What Are the Duties and Responsibilities of an Emergency Nurse?
Learn about the education and licensing required to work as a nurse in an emergency room or another emergency care setting. Get more info about the job duties and certification options for these nursing professionals.
An emergency nurse is a registered nurse who evaluates and observes patients in need of emergency care. As an emergency nurse, you might work in the emergency room of a hospital or other medical care facility or aboard a medical helicopter or ambulance. You would monitor your patients' medical status, take their vital signs, and communicate with doctors and other nurses about conditions and treatments. You also might oversee interns, update patients' family members, and manage records and paperwork.
You should expect your work environment to be hectic at times, and you might be required to work long hours. You also can expect to be around patients with contagious conditions.
Important Facts About Nurses
|On-the-Job Training||Work experience required for advancement and specializations|
|Similar Occupations||Paramedic, EMT, physicians assistant|
|Projected Job Growth (2016-2026)||15% (for all registered nurses)*|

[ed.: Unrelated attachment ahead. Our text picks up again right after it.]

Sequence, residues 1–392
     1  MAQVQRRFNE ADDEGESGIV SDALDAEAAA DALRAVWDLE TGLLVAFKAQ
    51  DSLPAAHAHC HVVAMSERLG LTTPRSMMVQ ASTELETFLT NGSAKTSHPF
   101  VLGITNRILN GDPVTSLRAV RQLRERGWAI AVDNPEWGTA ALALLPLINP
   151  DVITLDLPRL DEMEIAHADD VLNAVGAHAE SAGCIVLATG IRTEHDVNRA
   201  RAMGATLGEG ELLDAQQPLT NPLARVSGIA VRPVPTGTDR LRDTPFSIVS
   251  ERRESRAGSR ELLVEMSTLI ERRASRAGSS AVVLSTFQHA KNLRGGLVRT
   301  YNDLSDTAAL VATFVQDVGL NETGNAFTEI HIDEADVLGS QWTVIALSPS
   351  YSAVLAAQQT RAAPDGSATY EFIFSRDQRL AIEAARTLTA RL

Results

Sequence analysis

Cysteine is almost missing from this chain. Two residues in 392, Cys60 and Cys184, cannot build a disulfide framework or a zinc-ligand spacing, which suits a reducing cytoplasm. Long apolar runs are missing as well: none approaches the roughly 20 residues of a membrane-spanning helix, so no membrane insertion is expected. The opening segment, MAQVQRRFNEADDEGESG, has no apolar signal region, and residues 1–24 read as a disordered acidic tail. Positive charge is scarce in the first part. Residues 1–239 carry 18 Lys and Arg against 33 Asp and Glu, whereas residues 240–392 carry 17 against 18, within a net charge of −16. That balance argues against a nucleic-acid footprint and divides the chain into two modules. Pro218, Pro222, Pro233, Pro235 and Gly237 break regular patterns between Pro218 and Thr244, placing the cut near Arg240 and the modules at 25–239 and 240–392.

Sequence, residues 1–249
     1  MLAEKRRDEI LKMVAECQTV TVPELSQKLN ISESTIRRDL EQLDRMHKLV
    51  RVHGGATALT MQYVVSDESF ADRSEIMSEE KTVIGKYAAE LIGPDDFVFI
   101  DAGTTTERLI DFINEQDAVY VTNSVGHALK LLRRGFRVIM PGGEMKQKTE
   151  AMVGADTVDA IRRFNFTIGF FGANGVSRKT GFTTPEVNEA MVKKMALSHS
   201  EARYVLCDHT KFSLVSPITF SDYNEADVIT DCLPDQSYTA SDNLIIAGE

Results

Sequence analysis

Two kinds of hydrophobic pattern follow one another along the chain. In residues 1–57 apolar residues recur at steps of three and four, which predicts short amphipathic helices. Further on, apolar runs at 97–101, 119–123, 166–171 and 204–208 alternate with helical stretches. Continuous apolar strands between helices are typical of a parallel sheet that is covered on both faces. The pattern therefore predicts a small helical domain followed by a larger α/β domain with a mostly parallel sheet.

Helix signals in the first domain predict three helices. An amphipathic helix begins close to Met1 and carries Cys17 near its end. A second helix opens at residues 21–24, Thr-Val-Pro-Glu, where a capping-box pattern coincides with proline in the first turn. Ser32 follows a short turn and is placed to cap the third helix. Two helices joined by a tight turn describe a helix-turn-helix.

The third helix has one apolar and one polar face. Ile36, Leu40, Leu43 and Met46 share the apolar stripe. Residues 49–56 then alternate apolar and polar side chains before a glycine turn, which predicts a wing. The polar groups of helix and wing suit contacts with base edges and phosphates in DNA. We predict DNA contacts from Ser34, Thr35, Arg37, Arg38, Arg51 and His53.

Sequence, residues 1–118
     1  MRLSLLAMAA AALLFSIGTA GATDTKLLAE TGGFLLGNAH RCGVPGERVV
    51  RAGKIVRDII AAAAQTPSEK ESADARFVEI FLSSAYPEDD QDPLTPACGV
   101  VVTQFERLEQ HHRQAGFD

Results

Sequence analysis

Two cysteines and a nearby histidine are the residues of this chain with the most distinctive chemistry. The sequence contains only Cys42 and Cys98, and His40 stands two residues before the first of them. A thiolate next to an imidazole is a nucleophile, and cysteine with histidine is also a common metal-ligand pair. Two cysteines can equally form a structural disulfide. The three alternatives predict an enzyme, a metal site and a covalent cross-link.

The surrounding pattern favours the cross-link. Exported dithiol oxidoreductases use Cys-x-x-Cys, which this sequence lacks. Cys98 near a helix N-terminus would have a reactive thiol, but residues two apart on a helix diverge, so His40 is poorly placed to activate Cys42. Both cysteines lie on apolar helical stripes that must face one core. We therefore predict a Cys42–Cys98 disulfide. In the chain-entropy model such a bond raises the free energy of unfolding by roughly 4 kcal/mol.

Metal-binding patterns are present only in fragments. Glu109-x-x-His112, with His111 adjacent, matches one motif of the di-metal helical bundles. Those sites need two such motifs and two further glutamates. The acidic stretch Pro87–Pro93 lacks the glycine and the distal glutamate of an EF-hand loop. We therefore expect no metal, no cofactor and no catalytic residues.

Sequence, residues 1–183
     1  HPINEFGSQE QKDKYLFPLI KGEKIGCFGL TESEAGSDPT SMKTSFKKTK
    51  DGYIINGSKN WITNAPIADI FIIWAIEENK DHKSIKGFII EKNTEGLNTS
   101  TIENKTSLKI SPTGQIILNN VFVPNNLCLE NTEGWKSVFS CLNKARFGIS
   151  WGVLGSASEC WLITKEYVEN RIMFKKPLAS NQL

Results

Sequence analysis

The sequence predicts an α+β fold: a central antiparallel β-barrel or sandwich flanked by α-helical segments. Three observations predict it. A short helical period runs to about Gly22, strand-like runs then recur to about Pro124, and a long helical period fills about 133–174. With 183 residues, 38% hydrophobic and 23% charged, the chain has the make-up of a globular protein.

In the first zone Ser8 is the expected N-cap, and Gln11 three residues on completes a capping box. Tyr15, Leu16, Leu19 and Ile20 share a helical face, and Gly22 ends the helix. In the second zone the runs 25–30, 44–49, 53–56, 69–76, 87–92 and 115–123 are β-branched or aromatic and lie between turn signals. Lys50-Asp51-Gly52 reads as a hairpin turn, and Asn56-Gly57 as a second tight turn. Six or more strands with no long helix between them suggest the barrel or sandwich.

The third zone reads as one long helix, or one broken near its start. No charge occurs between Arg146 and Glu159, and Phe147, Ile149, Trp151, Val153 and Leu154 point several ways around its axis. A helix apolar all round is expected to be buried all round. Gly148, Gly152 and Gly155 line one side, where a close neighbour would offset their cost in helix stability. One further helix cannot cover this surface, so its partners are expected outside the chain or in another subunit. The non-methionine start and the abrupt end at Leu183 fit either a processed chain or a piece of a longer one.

|Median Salary (2019)||$65,595**|
Sources: *U.S. Bureau of Labor Statistics, **PayScale.com
Education and Licensing Requirements
To practice as a registered nurse (RN), you must be licensed by the state where you work. To obtain your license, you'll need to complete a diploma, associate's degree or bachelor's degree program in nursing at an accredited college. You also must pass the National Council Licensure Examination for RNs, which is administered by the National Council of State Boards of Nursing (NCSBN). Other licensure requirements vary by state.
Though further education might not be required to work as an emergency room nurse, several colleges and universities, as well as professional organizations like the Emergency Nurses Association (ENA), offer courses and programs in emergency nursing. On the graduate level, your options include certificate and Master of Science in Nursing programs, the latter of which could prepare you for work as an emergency nurse practitioner or clinical nurse specialist. Topics of study might include assessment of the critically ill, clinical pharmacology, collaborative management, and nursing research.
The Board of Certification for Emergency Nurses offers a handful of credentials, including Certified Emergency Nurse, Certified Flight Registered Nurse, Certified Transport Registered Nurse, and Certified Pediatric Emergency Nurse. Eligibility requirements vary, but in general, they include a current RN license and at least two years' experience in the certification area, as well as passage of an exam (www.bcencertifications.org).